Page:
Chiropractic research capacity in Canada in 2008--Phase 3.
Medicine, Experimental (Surveys)
|Publication:||Name: Journal of the Canadian Chiropractic Association Publisher: Canadian Chiropractic Association Audience: Academic Format: Magazine/Journal Subject: Health Copyright: COPYRIGHT 2009 Canadian Chiropractic Association ISSN: 0008-3194|
|Issue:||Date: Oct, 2009 Source Volume: 53 Source Issue: 4|
|Product:||Product Code: 8000200 Medical Research; 9105220 Health Research Programs; 8000240 Epilepsy & Muscle Disease R&D; 8041000 Chiropractors NAICS Code: 54171 Research and Development in the Physical, Engineering, and Life Sciences; 92312 Administration of Public Health Programs; 62131 Offices of Chiropractors SIC Code: 8041 Offices and clinics of chiropractors|
|Geographic:||Geographic Scope: Canada Geographic Code: 1CANA Canada|
Previous work on the topic of chiropractic research capacity in Canada has shown that currently less than 1% of chiropractors across the country are conducting research on a full time basis. (1) That survey consisted of two parts, a first sent to the entire profession nationwide and a second sent only to those with post-graduate training or who indicated in the first part that they were currently conducting research.1 The main findings from the first part of the survey indicated that there were 94 chiropractors who either have or are in the process of completing a master's degree, along with 30 who either possess or are completing a PhD. (1) There was a noticeable discrepancy in terms of researcher distribution across the country with the vast majority being found in Ontario and Quebec and the remaining provinces and territories suffering from a considerable lack of researchers. (1)
The second part of the survey found that there are 20 full time chiropractic researchers and 55 part time researchers. (1) Once again the vast majority of these researchers were found in Quebec and Ontario. (1) Among the full time researchers 8 were conducting clinical research, 9 were doing epidemiological research, 6 were neurophysiologists, and there were 4 biomechanists. (1) The full time researchers averaged 17.8 publications in peer-reviewed journals over the past 5 years, compared with 3. 2 papers by the part time researchers in the same time span. (1) Ten of the full time researchers indicated receiving government funding for their work, 5 received institutional funding, 3 received private funding, and 4 received funding from the profession. (1) By comparison 4 of the part time researchers indicated receiving government funding for their work, 12 received institutional funding, 3 received private funding, and 3 received funding from the profession. (1)
* Less than 1% of chiropractors in Canada are actively engaged in research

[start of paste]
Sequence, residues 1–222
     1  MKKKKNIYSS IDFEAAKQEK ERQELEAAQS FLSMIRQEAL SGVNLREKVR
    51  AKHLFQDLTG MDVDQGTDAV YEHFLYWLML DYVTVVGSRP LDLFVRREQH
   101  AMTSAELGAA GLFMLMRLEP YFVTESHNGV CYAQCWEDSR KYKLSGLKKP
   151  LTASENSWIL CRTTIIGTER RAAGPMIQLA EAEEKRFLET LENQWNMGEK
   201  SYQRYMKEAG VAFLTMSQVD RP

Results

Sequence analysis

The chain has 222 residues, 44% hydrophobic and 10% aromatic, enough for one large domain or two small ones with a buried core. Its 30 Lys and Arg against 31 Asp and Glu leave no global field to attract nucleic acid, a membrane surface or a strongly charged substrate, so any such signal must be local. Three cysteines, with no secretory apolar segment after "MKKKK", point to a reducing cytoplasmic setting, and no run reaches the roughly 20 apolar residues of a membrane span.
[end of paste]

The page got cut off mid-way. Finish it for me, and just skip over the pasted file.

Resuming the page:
* Chiropractic researchers in Canada are substantially under-funded.
* Many chiropractic researchers and graduate students are solely self-funded.
* Finding new ways to secure funding for chiropractic researchers is imperative.
* There is an urgent need to continue to build chiropractic research capacity.
* It will allow us to better focus strategic planning over the next 5 year period to prioritize and partner strategically
* It will help us continue to build capacity and create new funding opportunities
* It will help us accelerate the application of knowledge
* It will identify gaps in capacity, research and funding
* It will help us increase the number of trainees and researchers
The purpose of this project is to quantify the funding levels and delineate the types of funding obtained by chiropractic researchers in Canada.
The sample population for the Phase III survey consisted of respondents to the Phase II survey. Known researchers and graduate students who did not reply to the earlier Phases were also included. These researchers were e-mailed a survey that asked for specific information regarding their funding. The survey was sent on five different occasions to encourage higher response rates. Professors were asked to name all federal and provincial funding agencies from which they had received financial support in 2008. Such federal agencies included the Canadian Institutes of Health Research (CIHR), Natural Sciences and Engineering Research Council (NSERC), Social Sciences and Humanities Research Council (SSHRC), Canada Foundation for Innovation (CFI), Canada Research Chairs (CRC), Health Canada or similar national/international funders such as the Cochrane Opportunities Fund. Provincial funding agencies included the Michael Smith Foundation for Health Research (MSFHR), Ministry of Health, Workplace Safety and Insurance Board (WSIB), University, Hospital, Saskatchewan Health Research Council, Nova Scotia Health Research Foundation (NSHRF) as examples. Other relevant funding agencies, whether national or international, included charities, corporations, regulatory boards, Canadian Chiropractic Research Foundation (CCRF), Foundation for Chiropractic Education and Research (FCER), Research Institutes, etc. We asked respondents to tell us the amount and in each case if this was: